How best to represent unrepresentable characters in NAME tokens?

David G. Durand dgd at
Tue Nov 4 17:37:09 GMT 1997

At 2:52 PM -0500 11/3/97, Andrew Greene wrote:
>If you have a Unicode-friendly XML environment, then users can create
>elements whose GIs or attribute names contain "interesting"
>characters. (Yes? A NAME token can contain "BaseChars", which includes
>characters beyond ASCII and even beyond Latin-1.)

Sure can...

I'l give my solution at the end, but first, a few comments on the suggestions.

>So, if a user requests that the document instance be saved as an ASCII
>file, what is the best way for a Unicode-aware and standards-compliant
>application to represent these characters?

>I've thought of three solutions:
>1. It's an error. Tell the user "Sorry, your file could not be saved
>   in that character encoding because the element name 'StraBe' could
>   not be represented.
>   Advantages: It's fully compliant and no data can get lost.
>   Disadvantages: No data can get out, either. Perhaps the user has
>   an 8-bit app to massage the data in a particular way, and she
>   doesn't want to rename all her elements.

This works, but isn't needed.

>2. Rename all the offending elements and attributes, and use PIs to
>   ensure that when they're read back in we can patch things up.
>   So, for example, the file could contain:
>   <?GoodCitizen MangledGI Strae1="Stra&#x00DF;e"?>
>   <Strae1>foo bar</Strae1>
>   Advantages: It's fully compliant.
>   Disadvantages: It assumes that all other processing applications
>   will be nice and won't lose my processing instructions, and it
>   makes the file hard to read. It's also non-portable; unless we
>   as a community decide on a "semi-standard" PI to use, no one else
>   will know how to interpret this convention. (On the other hand,
>   this is exactly why I'm bringing the issue up here. Maybe we can
>   all agree on a semi-standard and I'll feel less uneasy about
>   doing something like this....)

This is actively evil, in that it obfuscates the markup, and makes it
impossible to validate against the original DTD. Validating against a DTD
at all requires a DTD translation tool to change element and attribute
names there as well. The use of PIs to affect the meaning of markup (as
opposed to enable additional application processing that can't be expressed
in markup) is generally a bad idea. In fact, most SGML experts concur that
PIs are best used in _exceptional_ cases. The reason for this is that
applications are allowed (and usually do) ignore any PIs that they are not
specialized for.

>3. Violate the standard and use character entities to represent the
>   ineffable, for example:
>   <Stra&#0xDF;e>foo bar</Stra&#0xDF;e>
>   Advantages: It's compact and unambiguous (even if it's illegal :-).
>   Disadvantages: It violates both XML and 8879 in a new and perverse
>   way. The user's file will not be usable by any other piece of
>   standards-compliant software. That's worse than refusing to write
>   the file at all (number 1).

Yes, this is not good.

>* Is there a need for a "semi-standard" solution to this problem, or am
>  I the only one struggling with it?

Yes, but it's already built into XML.

>* Is there interest in adopting some variation of number 2 so that we're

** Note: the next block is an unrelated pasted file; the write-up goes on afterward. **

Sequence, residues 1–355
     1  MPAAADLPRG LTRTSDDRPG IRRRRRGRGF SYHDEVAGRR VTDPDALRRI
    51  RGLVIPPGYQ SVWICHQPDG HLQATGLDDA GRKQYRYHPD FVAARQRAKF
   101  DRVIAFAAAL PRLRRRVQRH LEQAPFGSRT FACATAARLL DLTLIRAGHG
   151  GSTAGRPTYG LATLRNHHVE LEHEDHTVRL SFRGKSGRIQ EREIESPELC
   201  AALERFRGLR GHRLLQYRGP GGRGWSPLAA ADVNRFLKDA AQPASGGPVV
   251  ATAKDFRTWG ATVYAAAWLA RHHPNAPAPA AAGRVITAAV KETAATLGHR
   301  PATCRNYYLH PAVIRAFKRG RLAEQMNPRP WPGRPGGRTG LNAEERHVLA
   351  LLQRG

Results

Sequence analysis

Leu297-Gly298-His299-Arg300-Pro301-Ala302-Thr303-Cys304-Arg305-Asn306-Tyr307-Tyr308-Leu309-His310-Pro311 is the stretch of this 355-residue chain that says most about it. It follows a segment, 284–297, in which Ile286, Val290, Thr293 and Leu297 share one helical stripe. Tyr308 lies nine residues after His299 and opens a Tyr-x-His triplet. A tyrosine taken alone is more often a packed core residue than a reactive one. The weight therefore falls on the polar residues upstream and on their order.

>  better able to exchange such data?

Not from me...

>* I can't help but think that number 3 would be the most elegant solution
>  if it were only legal. Yet I'm also sure that the XML committee had a
>  good reason for disallowing it. I'd be interested in hearing what their
>  reason was, so that I may become enlightened. :-)

Part of it is simply compatibility -- this cannot be done in SGML. The
argument about SGML compatibility is no worth rehashing here, the archive
of the working group discussions include many messages on it.

So now that I've objected to all three solutions, you may think I'm a
negative kind of guy... But I do have a suggestion.

Support for UTF-8 is required for XML processors, so that an "8-bit" tool
can always be fed something that it can understand, even though some
strings may look funny in some editors. Since XML parsers do _not_ perform
any kind of character format normalization (e.g. of diacritical marks) each
element name will be a constant string, even if that string is not readable.

[[ Note for anyone who may be puzzled: UTF-8 is a clever little encoding
trick that uses variable length character codes to represent the larger
space of Unicode (and 10646) codes in 8-bit chunks. Codes < 128 represent
USASCII, and codes above are concatenated together to represent large
values. The details (and sample code in C) can be found at So aplain ASCII file in UTF-8 looks the same, but
other characters show up as strings with leading chars >= 128. One detail
is that Latin-1 etc., are _not_ valid UTF-8 because they use the eighth-bit
high codes for single characters.]]

The core of your problime is the very good, and very real point: writers of
XML processors need to remember that the Unicode basis of XML is
fundamental -- so conversion to another character set may fail because the
characters in a document may simply not exist in the target code. Of
course, for many documents, the markup will allow transcoding to Latin-1
(and other local processing codes), but this does depend on the document.
Text can be modified to use numeric character references but this is
probably too horrible, especially for the asian ideographic scripts.

So, you can keep your 8-bit tools, but you may need UTF-8 display code to
make them maximally usable.

  -- David

David Durand              dgd at  \  david at
Boston University Computer Science        \  Sr. Analyst   \  Dynamic Diagrams
MAPA: mapping for the WWW                    \__________________________

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